Can you name the leading causes of death in the United States? Probably — cancer, heart disease, car accidents, strokes … Ultimately, the way most of us will go is not exactly surprising. But when you delve a little deeper into the statistics about the ways people die, there are plenty of facts that don’t line up with popular ideas of death. Read on for the ways people really die.
Suicide Over Homicide.
It may not seem like it if you turn on the news, but, in the United States and across the globe, suicides far outnumber homicides. In the U.S., suicides outrank homicides by at least 1/3, and are even more common than car accidents and drug overdoses. In fact, it’s the leading cause of injury-related death in the nation.
Sepsis, a condition that most often occurs in people already being treated for an unrelated problem in a hospital, is one of the leading causes of death in the United States across age groups. Sepsis is your immune system’s response to an infection, and is the killer of more hospital patients than any other cause. Because so many people who die from septic shock are being treated for other serious conditions, it is likely that it is even more common than reported.
For many people, having the flu is little more than a temporary bed-ridden annoyance. But the flu can be deadly — very, very deadly. Each year, 250,000-500,000 die due to seasonal influenza. The flu is one of the leading causes of death in older folks, young children, and people with already compromised immune systems.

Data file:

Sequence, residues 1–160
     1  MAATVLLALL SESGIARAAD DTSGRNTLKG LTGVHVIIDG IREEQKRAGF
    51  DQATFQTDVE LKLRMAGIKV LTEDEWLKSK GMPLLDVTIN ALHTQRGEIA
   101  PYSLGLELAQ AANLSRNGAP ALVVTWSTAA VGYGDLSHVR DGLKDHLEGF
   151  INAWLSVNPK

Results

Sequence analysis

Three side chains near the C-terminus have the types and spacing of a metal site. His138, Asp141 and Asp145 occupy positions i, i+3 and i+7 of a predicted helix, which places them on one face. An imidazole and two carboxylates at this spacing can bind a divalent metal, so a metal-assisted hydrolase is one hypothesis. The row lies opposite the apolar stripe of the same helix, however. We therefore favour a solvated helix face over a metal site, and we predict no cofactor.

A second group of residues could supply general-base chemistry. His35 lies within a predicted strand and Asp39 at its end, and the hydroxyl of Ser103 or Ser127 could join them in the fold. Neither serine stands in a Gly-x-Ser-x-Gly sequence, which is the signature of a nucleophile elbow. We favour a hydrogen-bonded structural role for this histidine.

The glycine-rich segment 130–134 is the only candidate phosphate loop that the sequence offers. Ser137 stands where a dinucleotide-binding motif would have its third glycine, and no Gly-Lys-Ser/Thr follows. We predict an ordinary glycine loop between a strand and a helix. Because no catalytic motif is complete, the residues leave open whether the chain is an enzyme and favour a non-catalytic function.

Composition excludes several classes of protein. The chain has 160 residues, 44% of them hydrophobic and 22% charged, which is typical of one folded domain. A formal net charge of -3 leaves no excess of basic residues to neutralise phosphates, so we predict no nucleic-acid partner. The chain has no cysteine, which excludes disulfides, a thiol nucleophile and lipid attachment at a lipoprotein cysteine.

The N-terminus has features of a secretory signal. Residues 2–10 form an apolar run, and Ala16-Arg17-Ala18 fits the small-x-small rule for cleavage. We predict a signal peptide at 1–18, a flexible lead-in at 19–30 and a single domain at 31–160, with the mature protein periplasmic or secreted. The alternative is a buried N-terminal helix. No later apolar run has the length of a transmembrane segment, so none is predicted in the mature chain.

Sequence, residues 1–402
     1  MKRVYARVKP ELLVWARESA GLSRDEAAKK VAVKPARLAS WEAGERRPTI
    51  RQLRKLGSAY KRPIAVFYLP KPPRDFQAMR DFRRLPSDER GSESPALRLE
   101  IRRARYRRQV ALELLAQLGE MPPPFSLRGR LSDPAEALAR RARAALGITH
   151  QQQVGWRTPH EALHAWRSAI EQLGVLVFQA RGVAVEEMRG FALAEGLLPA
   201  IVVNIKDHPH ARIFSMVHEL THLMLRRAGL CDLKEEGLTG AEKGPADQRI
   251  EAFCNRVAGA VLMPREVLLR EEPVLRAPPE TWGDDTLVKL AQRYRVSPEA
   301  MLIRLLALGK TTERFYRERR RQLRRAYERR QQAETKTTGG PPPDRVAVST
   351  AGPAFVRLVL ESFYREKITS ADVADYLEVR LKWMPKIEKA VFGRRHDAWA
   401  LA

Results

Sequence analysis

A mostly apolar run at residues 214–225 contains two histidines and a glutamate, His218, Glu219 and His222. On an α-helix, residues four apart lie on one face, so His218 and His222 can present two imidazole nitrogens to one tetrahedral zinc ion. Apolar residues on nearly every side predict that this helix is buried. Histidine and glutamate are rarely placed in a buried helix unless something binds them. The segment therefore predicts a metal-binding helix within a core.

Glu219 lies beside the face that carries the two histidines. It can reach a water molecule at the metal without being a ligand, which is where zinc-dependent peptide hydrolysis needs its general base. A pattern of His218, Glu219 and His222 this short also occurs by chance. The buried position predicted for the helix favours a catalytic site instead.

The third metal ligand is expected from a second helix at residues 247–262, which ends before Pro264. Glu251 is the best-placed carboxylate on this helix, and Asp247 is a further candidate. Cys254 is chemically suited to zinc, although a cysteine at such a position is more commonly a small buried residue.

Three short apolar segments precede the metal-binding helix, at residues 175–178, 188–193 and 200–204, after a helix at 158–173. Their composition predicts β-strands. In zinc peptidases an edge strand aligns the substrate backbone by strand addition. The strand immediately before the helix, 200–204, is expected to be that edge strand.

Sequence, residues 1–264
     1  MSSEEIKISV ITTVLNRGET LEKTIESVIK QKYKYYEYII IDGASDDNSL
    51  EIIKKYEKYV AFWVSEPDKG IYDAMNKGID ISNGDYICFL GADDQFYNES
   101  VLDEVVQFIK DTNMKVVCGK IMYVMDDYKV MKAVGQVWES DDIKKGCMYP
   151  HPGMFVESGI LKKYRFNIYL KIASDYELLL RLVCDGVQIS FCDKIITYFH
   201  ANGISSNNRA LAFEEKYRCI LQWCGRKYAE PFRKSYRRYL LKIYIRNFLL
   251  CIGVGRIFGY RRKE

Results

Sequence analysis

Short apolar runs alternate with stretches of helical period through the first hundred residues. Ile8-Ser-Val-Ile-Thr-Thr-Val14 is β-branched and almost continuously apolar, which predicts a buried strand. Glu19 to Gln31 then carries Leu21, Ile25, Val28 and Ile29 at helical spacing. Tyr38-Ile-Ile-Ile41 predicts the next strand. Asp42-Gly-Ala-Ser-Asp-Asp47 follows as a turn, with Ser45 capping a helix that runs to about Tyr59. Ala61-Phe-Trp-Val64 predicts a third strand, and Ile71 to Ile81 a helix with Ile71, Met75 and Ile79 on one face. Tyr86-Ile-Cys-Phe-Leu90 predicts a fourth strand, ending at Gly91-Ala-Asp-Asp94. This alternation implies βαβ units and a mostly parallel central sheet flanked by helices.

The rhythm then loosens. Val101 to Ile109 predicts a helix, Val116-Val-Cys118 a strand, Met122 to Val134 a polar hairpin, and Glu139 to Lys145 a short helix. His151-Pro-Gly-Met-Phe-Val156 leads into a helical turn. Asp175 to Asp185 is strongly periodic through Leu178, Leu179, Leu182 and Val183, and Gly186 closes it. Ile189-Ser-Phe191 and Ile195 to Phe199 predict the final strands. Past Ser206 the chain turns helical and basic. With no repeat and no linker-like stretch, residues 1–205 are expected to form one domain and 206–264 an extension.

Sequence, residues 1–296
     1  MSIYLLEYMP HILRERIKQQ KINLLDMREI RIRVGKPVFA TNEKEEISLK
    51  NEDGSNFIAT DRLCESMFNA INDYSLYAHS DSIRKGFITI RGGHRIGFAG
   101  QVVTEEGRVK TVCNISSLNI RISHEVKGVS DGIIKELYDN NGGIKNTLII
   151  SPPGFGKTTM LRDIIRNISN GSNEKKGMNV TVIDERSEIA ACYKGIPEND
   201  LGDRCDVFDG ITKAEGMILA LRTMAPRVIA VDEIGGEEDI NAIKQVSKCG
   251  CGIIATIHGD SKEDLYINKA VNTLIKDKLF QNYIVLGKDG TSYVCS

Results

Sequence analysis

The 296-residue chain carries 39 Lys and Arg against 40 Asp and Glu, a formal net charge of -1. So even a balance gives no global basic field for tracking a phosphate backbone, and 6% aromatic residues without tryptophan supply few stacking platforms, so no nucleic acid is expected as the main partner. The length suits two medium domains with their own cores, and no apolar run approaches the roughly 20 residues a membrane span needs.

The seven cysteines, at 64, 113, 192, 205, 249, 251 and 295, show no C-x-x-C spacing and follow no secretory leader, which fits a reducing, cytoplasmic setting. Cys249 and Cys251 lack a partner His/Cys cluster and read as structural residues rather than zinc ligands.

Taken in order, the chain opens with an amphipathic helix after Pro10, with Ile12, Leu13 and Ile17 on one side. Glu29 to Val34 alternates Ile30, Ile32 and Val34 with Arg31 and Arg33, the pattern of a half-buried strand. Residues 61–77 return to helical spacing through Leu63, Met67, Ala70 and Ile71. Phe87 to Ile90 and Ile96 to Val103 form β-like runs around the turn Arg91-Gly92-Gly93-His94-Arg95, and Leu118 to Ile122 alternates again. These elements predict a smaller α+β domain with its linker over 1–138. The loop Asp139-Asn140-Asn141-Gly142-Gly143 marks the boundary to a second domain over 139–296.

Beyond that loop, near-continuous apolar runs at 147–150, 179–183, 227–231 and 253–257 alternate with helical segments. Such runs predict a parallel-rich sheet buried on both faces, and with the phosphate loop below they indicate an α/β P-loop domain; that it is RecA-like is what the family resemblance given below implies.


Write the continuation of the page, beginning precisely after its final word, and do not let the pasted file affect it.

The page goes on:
Logging is the Most Dangerous Job.
People who work in the logging industry have the highest on-the-job mortality rates. When you’re working with heavy equipment in remote wilderness, where many loggers do, it’s little surprise that forestry work is so dangerous.
Unintentional Injuries Most Common Under Age 44.
When you’re under 44, the most common way to die is through some sort of accident. From drug overdoses to car wrecks, if you’re young, it’s not nearly as likely that your health that will be responsible for your early death.
The Bubonic Plague Still Kills.
If you thought black death went away with the modern age, you’d be very, very wrong. Though it’s exceedingly rare, the bacteria that causes the bubonic plague is still around, and a handful of cases are diagnosed in the United States, mostly in the Southwest, each year. The treatment for the disease has made it mostly treatable, although one in seven people diagnosed with the bubonic plague die from it.
Legal Drugs Are the Biggest Killers.
In 2009, the United States hit a major milestone: deaths due to drug overdoses surpassed deaths due to car accidents for the first time in history. And a lot of that is due not to illegal street drugs like cocaine and heroin, but do to legal prescription painkiller abuse. In fact, medicines like oxycontin and Vicodin kill more people than heroin and cocaine combined.
Heart Disease in Women.
Heart disease tends to be seen as a male problem — but that couldn’t be further from the truth. In fact, heart disease kills more women than men. It also kills more women than all forms of cancer combined, and is the reason 1 in 3 women die in the United States.
Falling in Seniors.
Here’s a shocking statistic: 1 in 3 seniors fall each year. Another? Falls are responsible for 1 in 3 emergency room visits each year. It’s also, unsurprisingly, the leading cause of unintentional injury deaths for people over the age of 65.
Source: Katie Waldek, Care2.com